By Peter Hummers on December 28, 2019
WHAT TO WATCH ON TV
It’s rare that a TV show loses its lead actors but keeps the same setting for a continuation/spinoff. One that comes to mind is The Andy Griffith Show, which was followed successfully by Mayberry R.F.D. when Ken Berry inherited the lead from Andy Griffith. The setting and most of the cast stayed put, but the lead was now a widowed farmer on the local town council, not a sheriff, who was raising a son in Mayberry.
A continuation of NYPD Blue is in the planning stages, and 1978’s Dallas was revived in 2012. Archie Bunker’s Place featured the same lead actor in the same role as All in the Family, but with a different supporting cast.
In 2012, The Closer’s star and producer Kyra Sedgwick announced that the show, a Los Angeles-based police procedural, would end after season seven. A few weeks later, it was announced the show would have a spin-off, as most of the cast and crew were willing to produce more stories for the characters. The result was Major Crimes, with Sedgwick being replaced by Mary McDonnell, as Captain Sharon Raydor, an internal affairs officer who was in the original series, investigating Sedgwick’s character.
THE CLOSER (Amazon Prime; on-demand from other services)
“Each episode of The Closer deals with an aspect of the Los Angeles culture as it interfaces with law enforcement in the megacity. The show deals with complex and subtle issues of public policy, ethics, personal integrity, and questions of good and evil. The large character ensemble explores the human condition, touching on individual faiths, traditional religious influences in the lives and communities of contemporary society, and the breakdown and dysfunction of family systems, work teaming, and government responsibility. The first season began with Brenda Leigh Johnson (Sedgwick, Brooklyn Nine-Nine) arriving at the LAPD to lead the Priority Murder Squad (PMS), quickly renamed Priority Homicide Division (PHD), a team that originally dealt solely with high-profile murder cases.” (Wikipedia)
Johnson, an iconoclastic student of psychology, is able to read people, witnesses and suspects, and is nicknamed “the Closer” due to her ability to elicit confessions in the absence of proof. She goes too far, though, when she petulantly has an uncooperative suspect dropped off publicly in his own hostile neighborhood from a police cruiser, which results in his murder. Inspector Sharon Raydor (McDonnell, Dances with Wolves) is brought in to investigate Johnson.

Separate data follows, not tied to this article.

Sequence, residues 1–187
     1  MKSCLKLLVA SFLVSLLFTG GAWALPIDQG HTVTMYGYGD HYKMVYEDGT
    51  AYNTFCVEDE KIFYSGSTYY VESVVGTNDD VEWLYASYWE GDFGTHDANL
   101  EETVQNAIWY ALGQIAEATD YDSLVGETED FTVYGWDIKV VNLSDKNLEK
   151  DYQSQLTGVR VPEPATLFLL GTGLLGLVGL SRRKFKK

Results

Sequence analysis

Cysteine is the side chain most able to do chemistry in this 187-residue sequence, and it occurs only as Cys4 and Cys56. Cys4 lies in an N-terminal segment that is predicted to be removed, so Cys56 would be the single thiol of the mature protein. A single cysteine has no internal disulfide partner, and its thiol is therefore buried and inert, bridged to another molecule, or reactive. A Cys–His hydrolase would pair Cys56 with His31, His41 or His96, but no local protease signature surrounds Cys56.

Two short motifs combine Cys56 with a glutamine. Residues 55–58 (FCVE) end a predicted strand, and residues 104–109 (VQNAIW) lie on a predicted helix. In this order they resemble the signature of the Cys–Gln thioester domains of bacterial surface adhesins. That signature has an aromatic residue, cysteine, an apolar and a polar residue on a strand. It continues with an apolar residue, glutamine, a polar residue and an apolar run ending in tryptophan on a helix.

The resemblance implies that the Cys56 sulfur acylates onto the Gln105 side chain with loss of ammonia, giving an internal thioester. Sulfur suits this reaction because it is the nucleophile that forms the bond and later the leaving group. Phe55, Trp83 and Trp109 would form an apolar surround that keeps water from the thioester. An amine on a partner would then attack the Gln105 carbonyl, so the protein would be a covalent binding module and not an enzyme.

It’s a dense, thrilling and thought-provoking series, not to mention fun. Here’s a four-minute trailer from TNT that shows off Deputy Chief Johnson’s trademark attributes of acumen and crazy. [TVPG]
MAJOR CRIMES (Roku Channel; on-demand from other services)
“With the sudden departure of Deputy Chief Brenda Leigh Johnson sending tremors throughout the entire Los Angeles Police Department, Captain Sharon Raydor faces difficult challenges as she assumes Johnson’s former post as head of the Major Crimes Division. For one, as a former internal-affairs officer, many of her squad members do not trust her. Additionally, the controversial new rules she had instituted as head of the Force Investigation Division (FID) are reaping unintended consequences at crime scenes. Finally, the LAPD’s new cost-saving policy of striking deals with violent criminals instead of extracting confessions from them is generating additional rancor among the rank and file, particularly with Major Crimes’ senior officer, Lieutenant Provenza (G.W. Bailey, M*A*S*H and the Police Academy movies).
“Raydor’s foster son Rusty Beck (Graham Patrick Martin, Catch-22) adds more drama to Raydor’s personal life, but it bleeds into her professional life as well, since Rusty is the key eyewitness in the trial of serial killer Philip Stroh.” (Wikipedia)
Major Crimes is a seamless continuation of The Closer; here’s a two-minute trailer. [TVPG]
I received some good advice for this column from Twitter users Sneakers 1957, and Classic Film TV Cafe, who also blogs at The Classic Film and TV Cafe, which is a great resource. Join me next time for more obscure or just plain forgotten TV gems now streaming. Email me and follow Stream On OBX on Twitter.